STARTER CLASSIC: Daihatsu Charade Turbo (1983-’85)

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A turbo city car ahead of its time

Founded in 1907 by Hatsudoki Seizo as an engine manufacturer, Daihatsu is Japan’s oldest automobile company. Vehicle production started in 1960 in the Osaka area, and the company specialized in diesel mini-trucks before moving into the automotive industry; the first, a 1.0-liter four-cylinder sedan called Compagno Berlina.

The first Charades even took part in the Monte Carlo Rally and the East African Safari in 1981 and 1982, respectively. In 1983, the British Alfa Romeo factory undertook a project which introduced the name Daihatsu to the South African passenger car market.

PACKAGING

Despite its small frame, the Charade’s tidy packaging gave it a roomy interior with seating for five adults. The trunk contained 170 liters of storage space with folding rear seats freeing up 740 liters of cargo space. The instrumentation is spartan; The Turbo replaces a boost pressure gauge with a green light that just tells you there’s overeating, which is wonderfully picturesque.

If it’s an old-fashioned turbo-gasoline with full-fledged instrumentation that pushes your hair back, take a look at the Uno Turbo instead.

CLASSIC STARTER Daihatsu Charade Turbo (1983-'85) (2)

POWERTRAIN

The base three-cylinder engine produced modest powers of 36 kW and 71 Nm of torque and weighed only 92 kg, but the turbo drove the wick on the in-line three-cylinder at 68 kW and Model: Daihatsu Charade Turbo 105 Nm La turbo mass- The powered car weighed only 720 kg, giving it a competitive power-to-weight ratio.

With a beefed up cylinder head, turbocharger, stronger pistons, stronger crankshaft, oil cooler and larger radiator, it was good for a zero to 100 km / h sprint of 10.52 seconds. The transmission was shortened but the final transmission was lengthened to reach its maximum speed of 159 km / h at 5,000 rpm in top gear.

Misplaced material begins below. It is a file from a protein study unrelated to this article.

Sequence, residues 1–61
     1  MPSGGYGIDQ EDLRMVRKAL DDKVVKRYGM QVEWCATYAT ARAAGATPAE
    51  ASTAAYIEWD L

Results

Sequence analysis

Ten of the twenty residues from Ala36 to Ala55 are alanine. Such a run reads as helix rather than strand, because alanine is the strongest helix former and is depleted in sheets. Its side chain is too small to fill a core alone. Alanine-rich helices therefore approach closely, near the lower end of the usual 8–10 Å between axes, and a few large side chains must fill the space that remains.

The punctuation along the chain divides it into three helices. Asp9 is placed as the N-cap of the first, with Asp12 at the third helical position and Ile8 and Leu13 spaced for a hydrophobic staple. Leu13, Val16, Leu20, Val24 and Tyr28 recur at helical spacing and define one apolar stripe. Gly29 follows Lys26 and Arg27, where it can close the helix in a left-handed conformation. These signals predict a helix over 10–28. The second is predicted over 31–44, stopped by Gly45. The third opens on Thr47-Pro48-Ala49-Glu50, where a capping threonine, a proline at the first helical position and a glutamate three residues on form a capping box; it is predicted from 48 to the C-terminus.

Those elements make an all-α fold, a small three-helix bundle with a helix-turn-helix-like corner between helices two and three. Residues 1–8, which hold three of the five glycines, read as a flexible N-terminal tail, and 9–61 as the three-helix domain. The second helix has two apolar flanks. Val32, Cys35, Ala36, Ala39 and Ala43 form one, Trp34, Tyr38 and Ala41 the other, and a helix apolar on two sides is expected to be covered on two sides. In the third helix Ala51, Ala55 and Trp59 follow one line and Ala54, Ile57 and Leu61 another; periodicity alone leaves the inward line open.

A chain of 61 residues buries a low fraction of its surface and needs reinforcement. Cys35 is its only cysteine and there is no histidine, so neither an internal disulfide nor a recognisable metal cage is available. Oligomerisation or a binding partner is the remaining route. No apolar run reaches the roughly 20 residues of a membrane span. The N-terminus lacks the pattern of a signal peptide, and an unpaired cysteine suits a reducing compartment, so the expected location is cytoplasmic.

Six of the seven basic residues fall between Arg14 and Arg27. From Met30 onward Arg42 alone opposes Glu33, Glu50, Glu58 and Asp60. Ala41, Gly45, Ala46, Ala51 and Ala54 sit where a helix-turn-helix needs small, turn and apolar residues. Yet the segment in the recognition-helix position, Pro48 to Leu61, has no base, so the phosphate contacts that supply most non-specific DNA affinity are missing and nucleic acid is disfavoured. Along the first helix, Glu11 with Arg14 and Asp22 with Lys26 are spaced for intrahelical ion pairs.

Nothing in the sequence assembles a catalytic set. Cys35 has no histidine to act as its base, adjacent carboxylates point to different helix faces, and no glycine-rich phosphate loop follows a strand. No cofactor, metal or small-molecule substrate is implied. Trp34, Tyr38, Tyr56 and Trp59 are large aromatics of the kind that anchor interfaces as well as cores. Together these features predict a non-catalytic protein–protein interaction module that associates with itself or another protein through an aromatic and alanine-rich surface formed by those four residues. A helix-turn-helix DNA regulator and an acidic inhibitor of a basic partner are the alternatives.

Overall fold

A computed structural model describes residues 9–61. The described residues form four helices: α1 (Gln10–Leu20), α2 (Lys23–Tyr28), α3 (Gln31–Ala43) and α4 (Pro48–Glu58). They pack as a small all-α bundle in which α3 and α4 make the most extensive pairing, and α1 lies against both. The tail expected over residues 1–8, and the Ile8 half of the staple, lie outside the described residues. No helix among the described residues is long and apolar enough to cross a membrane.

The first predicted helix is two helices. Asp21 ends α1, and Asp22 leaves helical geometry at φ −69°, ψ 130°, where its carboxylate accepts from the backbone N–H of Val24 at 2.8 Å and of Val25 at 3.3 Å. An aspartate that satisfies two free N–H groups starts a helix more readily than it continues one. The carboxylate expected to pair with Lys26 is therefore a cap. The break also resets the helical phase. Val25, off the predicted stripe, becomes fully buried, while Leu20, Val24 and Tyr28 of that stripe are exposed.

CLASSIC STARTER Daihatsu Charade Turbo (1983-'85) (2)

The compression ratio went from 9.5 to 8.0 to 1. Unlike modern turbocharged engines, the Charade is content with a double choke carburetor and circuit breaker ignition. One of the advantages of the miniaturized engine packaging is that the lightweight IHI turbo has minimal lag. The conservative Japanese did not over-boost the engine, however, and maximum boost pressure was limited to less than half a bar. No doubt some robot runners would have increased this.

SUSPENSION AND STEERING

MacPherson struts at the front and a beam axle with coil springs and Panhard rod at the rear were fitted with anti-roll bars at both ends. The steering was unassisted rack and pinion, as were the brake discs / drums.

WHICH TO GET

The turbo will be the most fun by far, as long as the condition is acceptable. Proper maintenance would make this a rewarding classic, still capable of turning heads in salons and racetracks. The turbo overhaul has become cheaper over time but some parts will have to be imported. Standard models were CX and CXL, the latter adding metallic paint, alloy rims and sport seats.

Incidentally, for the other turbos of the day, you should consider the Nissan Exa Turbo and the Mitsubishi Tredia Turbo.

CLASSIC STARTER Daihatsu Charade Turbo (1983-'85) (2)

AVAILABILITY AND PRICES

Very few have survived but, thanks to the lack of serious rust away from the coast, you may be able to locate one, over time. The prices will not be expensive because it is a compact niche product.

INTERESTING FACTS

If one flies over the two-cylinder Fiat 500 from the 1950s and the DKW with its two-stroke three-cylinder engine, also the SAAB 93B, there were no other cars with less than four pistons. These days, with downsizing in the face of rising fuel prices, the triple has seen a resurgence in popularity. Fiat even goes back to its roots with a turbo twin. As a result, the Daihatsu was sort of a trailblazer in the 1980s and the Turbo was very unusual for that era.

Outside of South Africa, manufacturing and assembly plants have been established in Zimbabwe and Kenya. To encourage more employment opportunities, the local contact was set at 66%.

At the time of local testing of the first two prototypes – each covering 95,000 km – Roger McCleery was Marketing Director for Alfa Romeo.

0 to 100 km / h: 10.52 seconds
Top speed: 159 km / h
Fuel index: 5.70 L / 100 km (at 100 km / h)
Price: R9 995
January 1985

Article written by Pierre Palm

Pete first read CAR at the age of 12 and immediately began modifying his parents’ cars. He studied mechanical engineering because of a fascination with engines and worked on spray painted cars in his spare time. He worked for SA Railways and Denel before switching to the automotive industry by joining CAR.

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